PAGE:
3 years has passed and we still in that love and hate relationship. I haven’t met his parents yet, I felt that we were moving forward but then we were stuck. Correction, I was! Fights were quickly instigated by my feelings and/or comments and rapidly escalated to physical fights. He wasn’t shy to show his character anymore. He started by raising his voice, then slamming doors, then throwing things around the apartment, then pushing me here and there, holding my arms tight, name calling, until the day he held my throat. I was terrified and in shock! I spent days moving furniture to block the front door, out of fear he would force his way in. 

Few weeks after that event we would do our vicious cycle dance again, this time was different he escalated his persuasion to contemplating suicide like his longtime friend from Nairobi. “My life has no meaning without you” “You are the love of my life” “You are the best thing that ever happened to me” “I love you Livia, I never loved a woman the way I love you!», so he said. “You make me mad and It’s your fault we fight so much” “If you weren’t so difficult, we wouldn’t have so many problems” “I have more experience than you and if you just do what I tell you, things would be better” “The bible says that women should submit to their husbands, you should just submit to me.” “You need to work in your insecurity” “Trust is a grown-up word and takes a lot to understand or practice” There were endless remarks from him, I didn’t realize how toxic and abusive those words were. I heard so often that I started to believe in them.

For few weeks after he held my throat, he would leave food at my door, he would bring random gifts, and then started stalking. He would stay in the parking lot countless hours, he would check on social media my whereabouts and show up unannounced, it seemed like he was always few minutes away. I was always looking over my shoulder and sure enough, many times I would see him, watching me from far. All those fights increased my depression and I started eating my feelings.

Year 2018 I was tired and exhausted and knew it was time for me to move on and be on my own again. I was a walking bomb ready to explode at any time. Something had to go and it had to be him. I realized the bad outdid the good. I have made poor decisions while with him and I take full responsibility, I am not a saint! He won’t change as he said he would, and It’s up to me to move on because he won’t. I’ve read books, we tried counseling which he only showed up few times, we did couples workshop and the domestic violence didn’t stop. I have decided that I would pay the price to confront him and end this 5-year relationship. “I have done it before; I know I can be on my own. There was a life before this man.” I used to say to myself. So, I did it! I told him I am done and that was final. By now, you can guess what happened after…He wouldn’t let me go that easy; He would go through phases: resist, denial, anger, rage, threats, regret, apologize, acceptance and repeat. He would go through those phases’ multiple times a day, several times a week. It was exhausting! He has suck life out of me throughout the years and the little I had left to fight it was drained by the roller crosser it was to leave him. After 2 months, I would accept to go back. Then the cycle comes back and I would break up again… you got the drill by now. It took a lot to keep up with all that energy against me and I just wanted to stop. It was often hell with him and it was constant hell away from him, I picked often.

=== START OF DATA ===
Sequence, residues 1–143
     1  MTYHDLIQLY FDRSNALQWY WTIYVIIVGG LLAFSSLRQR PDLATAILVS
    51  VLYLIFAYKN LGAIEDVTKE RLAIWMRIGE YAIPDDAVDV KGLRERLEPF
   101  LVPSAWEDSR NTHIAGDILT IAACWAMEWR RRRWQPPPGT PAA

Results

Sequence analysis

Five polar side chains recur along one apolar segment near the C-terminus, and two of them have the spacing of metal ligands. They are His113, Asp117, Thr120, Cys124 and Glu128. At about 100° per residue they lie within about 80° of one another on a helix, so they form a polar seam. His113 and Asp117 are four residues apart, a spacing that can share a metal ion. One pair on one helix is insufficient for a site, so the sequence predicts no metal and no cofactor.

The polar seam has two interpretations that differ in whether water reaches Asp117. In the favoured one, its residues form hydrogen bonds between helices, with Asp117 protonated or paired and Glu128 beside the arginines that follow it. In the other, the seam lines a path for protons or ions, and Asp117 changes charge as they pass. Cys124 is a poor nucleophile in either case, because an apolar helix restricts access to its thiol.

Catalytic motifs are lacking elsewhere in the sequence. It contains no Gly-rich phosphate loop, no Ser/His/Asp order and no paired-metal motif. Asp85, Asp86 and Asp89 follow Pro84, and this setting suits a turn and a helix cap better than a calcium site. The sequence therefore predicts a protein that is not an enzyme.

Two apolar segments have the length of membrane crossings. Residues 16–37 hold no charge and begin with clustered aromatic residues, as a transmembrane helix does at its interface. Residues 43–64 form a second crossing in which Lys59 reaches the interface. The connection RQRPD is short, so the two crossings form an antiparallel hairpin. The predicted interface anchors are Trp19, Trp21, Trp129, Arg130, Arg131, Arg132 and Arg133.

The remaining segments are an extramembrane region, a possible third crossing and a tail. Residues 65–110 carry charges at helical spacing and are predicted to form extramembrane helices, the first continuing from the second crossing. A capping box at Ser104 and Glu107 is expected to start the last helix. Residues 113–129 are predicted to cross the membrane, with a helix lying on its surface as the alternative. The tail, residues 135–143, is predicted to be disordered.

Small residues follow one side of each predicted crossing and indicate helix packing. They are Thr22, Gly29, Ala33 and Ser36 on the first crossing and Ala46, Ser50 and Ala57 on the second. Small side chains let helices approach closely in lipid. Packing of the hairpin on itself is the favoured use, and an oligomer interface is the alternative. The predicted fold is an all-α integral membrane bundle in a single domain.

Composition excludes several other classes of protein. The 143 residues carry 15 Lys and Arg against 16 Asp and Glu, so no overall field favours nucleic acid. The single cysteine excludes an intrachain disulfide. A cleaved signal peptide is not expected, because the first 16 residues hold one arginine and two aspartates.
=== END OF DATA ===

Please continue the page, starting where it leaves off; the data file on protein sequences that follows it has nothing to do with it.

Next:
Like I’ve said before I was raised and used to violence, but there is one thing that I would never be able to ignore or live with which is betrayal and cheating. “We were” at the same page regarding cheating, as we had several deep conversations about being in a monogamous relationship. Until the day I found out he had another girlfriend and was married to the mother of his kids. That was the last draw! That was it! “I left him for the last time” Duffy (2008, track 2). I “just walk[ed] [my] fine ass out the door” Lizzo (2019, track 15).

The aftermath of leaving an abusive relationship is a subject to a whole new conversation. In summary, leaving him was the hardest time of my life, but I am making it through. “I finally stopped avoiding fires long enough to let myself burn, and what I learned was that I am like that burning bush: The fire of pain won’t consume me. I can burn and live. I can live on fire. I am fireproof” (Doyle, 2020, p. 51). After I decided to leave him, the bondage that held me hostage weren’t as powerful compared to the fight I had for my life. I filed a Domestic Violence Protection Order (DVPO). I reached out to a local agency that advocates for domestic violence against women, and was matched with the most caring advocate that I could ask for. I didn’t know how strong I was. I was homeless for 3 months. We know we have friends when they are put to the task, and bless to be God, I had friends. I no longer fear anything…the worse has happened; I have been betrayed by the man I loved and have been homeless in a foreign country. The DVPO was denied after an excruciating 2:26 hours trial. I appealed, got an amazing team of lawyers and an outstanding attorney who defended me on the appeal court hearing. On September 28th 2020 I was granted the DVPO – no contact order.